The Hard Road (1970): Graver Madness!

After a lengthy shower in bleach, Dave books himself an STD check in the wake of Gary Graver’s lurid drama.

The teenage propaganda film has been alive and well since the dawn of the talkie, warning your parents against the perils of sex, drugs, crime and anything else remotely enjoyable that their child could end up being to drawn into. While the ‘50s was the decade of choice for this style of exploitation movie, boasting worthwhile endeavours like Fred F. Sears’ Teenage Crimewave (1955), Edward L. Cahn’s Runaway Daughters (1956) and Paul Henreid’s Live Fast, Die Young (1958) – all noted film noir directors no less – this particular story needs to rewind a few decades and begin with Reefer Madness (1936).

Funded and produced by a church group to act as a morality tale regarding the dangers of cannabis, Reefer Madness was soon hijacked by producer Dwain Esper, who recut it and inserted a dollop of smut and salaciousness. Impressed by his lucrative new acquisition, Esper decided to wheel a similar quasi-documentary into production under the title Sex Madness (1938), which took it upon itself to warn youngsters against the dangers of venereal diseases – albeit in a louche and morally ambiguous manner!

Quite why the subject of VD was still on the education-cum-sexploitation agenda midway through the sexual revolution is a question you’d struggle to find an answer to, but nevertheless, here was THE HARD ROAD (1970), and behind the camera was Gary Graver.

Taking its cues from Esper’s Sex Madness character of Millicent, who heads from her small town to the city, only to contract syphilis in the wake of a ‘casting couch’ encounter, The Hard Road tells the tale of Pamela Banner (Connie Nelson – Mrs. Graver at the time): a seventeen year-old high-schooler in suburbia who heads to the city and falls into a similar trap.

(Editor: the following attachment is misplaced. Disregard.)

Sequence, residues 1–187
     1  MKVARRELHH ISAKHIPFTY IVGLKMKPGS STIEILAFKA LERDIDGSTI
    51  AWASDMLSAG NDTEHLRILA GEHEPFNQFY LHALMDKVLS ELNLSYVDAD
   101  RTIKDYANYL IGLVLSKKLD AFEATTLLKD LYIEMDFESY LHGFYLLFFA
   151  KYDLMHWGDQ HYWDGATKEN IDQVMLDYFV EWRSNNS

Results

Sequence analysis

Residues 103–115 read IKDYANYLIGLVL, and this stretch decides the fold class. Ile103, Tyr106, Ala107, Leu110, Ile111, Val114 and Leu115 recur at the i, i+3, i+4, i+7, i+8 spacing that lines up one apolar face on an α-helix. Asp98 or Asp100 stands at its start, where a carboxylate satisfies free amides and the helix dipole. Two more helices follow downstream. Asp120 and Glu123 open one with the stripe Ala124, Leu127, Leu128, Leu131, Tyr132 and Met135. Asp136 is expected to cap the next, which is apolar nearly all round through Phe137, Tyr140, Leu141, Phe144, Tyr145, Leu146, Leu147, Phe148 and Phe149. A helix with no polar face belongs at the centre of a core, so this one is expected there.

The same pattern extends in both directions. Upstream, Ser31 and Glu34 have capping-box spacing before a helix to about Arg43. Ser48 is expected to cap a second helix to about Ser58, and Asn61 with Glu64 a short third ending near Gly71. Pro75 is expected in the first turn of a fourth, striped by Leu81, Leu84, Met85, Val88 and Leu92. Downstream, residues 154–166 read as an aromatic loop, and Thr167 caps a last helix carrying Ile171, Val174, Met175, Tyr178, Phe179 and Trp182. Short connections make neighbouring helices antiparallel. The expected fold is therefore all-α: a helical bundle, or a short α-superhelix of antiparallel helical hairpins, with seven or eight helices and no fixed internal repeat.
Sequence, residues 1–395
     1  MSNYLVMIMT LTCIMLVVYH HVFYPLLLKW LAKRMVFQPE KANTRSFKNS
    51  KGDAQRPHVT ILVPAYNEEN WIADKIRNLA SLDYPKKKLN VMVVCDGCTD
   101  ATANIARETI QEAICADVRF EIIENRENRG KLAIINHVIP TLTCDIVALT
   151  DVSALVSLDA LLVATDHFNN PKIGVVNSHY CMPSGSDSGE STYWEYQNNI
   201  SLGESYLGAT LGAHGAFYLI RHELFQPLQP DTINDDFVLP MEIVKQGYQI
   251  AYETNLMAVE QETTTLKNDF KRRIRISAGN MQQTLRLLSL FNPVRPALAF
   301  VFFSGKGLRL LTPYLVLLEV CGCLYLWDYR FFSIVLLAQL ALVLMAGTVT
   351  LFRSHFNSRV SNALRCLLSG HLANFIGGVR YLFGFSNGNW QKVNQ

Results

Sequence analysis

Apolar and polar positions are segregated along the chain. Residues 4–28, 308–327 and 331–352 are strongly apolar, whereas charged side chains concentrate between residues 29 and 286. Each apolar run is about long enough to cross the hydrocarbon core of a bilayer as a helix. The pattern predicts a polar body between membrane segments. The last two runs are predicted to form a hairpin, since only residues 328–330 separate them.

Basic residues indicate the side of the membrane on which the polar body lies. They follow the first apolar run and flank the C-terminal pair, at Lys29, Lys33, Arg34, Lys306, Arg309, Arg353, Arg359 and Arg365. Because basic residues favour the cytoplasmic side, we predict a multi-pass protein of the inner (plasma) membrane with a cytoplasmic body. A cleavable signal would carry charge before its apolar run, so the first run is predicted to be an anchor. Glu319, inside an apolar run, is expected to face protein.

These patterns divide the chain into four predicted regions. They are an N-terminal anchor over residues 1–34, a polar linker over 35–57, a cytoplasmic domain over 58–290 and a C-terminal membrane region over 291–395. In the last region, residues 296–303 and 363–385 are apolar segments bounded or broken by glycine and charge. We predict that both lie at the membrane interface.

Her reason for heading to the bright lights of Los Angeles and shunning a return to education is because she’s just given birth to a baby out of wedlock. The child has been given up for adoption, but for fear of casting shame over her wholesome parents (Ray Merritt and former gangster’s moll Liz Renay), Pamela snags as job as a receptionist for a seedy talent agent called Leo (Gary Kent). Enamoured by her new surroundings, she finds solace in the hedonistic party lifestyle of her peers, befriending a hooker called Jeannie (Catherine Howard) and her drug-addled boyfriend Jimmy (Graver regular John Alderman, credited as Frank Hallowell), but they gradually lead her down a dark path of iniquity, from which she struggles to return.

Although The Hard Road is a compellingly downbeat drama about an impressionable teen, it’s tough to shake off the educational aspect which rears its head at will. Featuring a deeply disapproving voiceover from Byron Clark – “The doctor is taking samples of discharge from Pam” – we’re punished with relentless photographs of mouth sores and rotting genitalia to hammer home its cautionary intent.

The sole screenwriting credit for Richard Stetson (who’s also listed as providing the medical illustrations), it’s produced by the enigmatic B-movie maven Ed DePriest, a prolific producer who dug out a fifty year career in everything from surf movies to hardcore pornography. His name on the credits is a good enough hint that The Hard Road should be taken with a healthy dose of irony, especially in the midst of hysterical utterances on glue sniffing and deformed babies.

Retitled High School Hooker for a later (and lecture free) release, there’s plenty of Graver-isms to revel in. Visual flourishes punctuate a brisk running time, while the auteur (Graver edits and photographs as well) brings a real style to what could easily have been a pedestrian outing. There’s plenty of his stock company dotted around the picture too, with Jean Clark, R. Michael Stringer and Graver’s brother, Jeff, all in uncredited roles for the eagle-eyed among you.

Lurid, sensationalist, and at times genuinely nauseating, The Hard Road is a strange chapter in Graver’s career. But, given his eclectic choices with such a broad range of pictures, it should probably be the least surprising entry.

USA ● 1970 ● Drama ● 85mins

Connie Nelson, John Alderman (as Frank Hallowell), Gary Kent, Catherine Howard ● Dir. Gary Graver ● Wri. Richard Stetson


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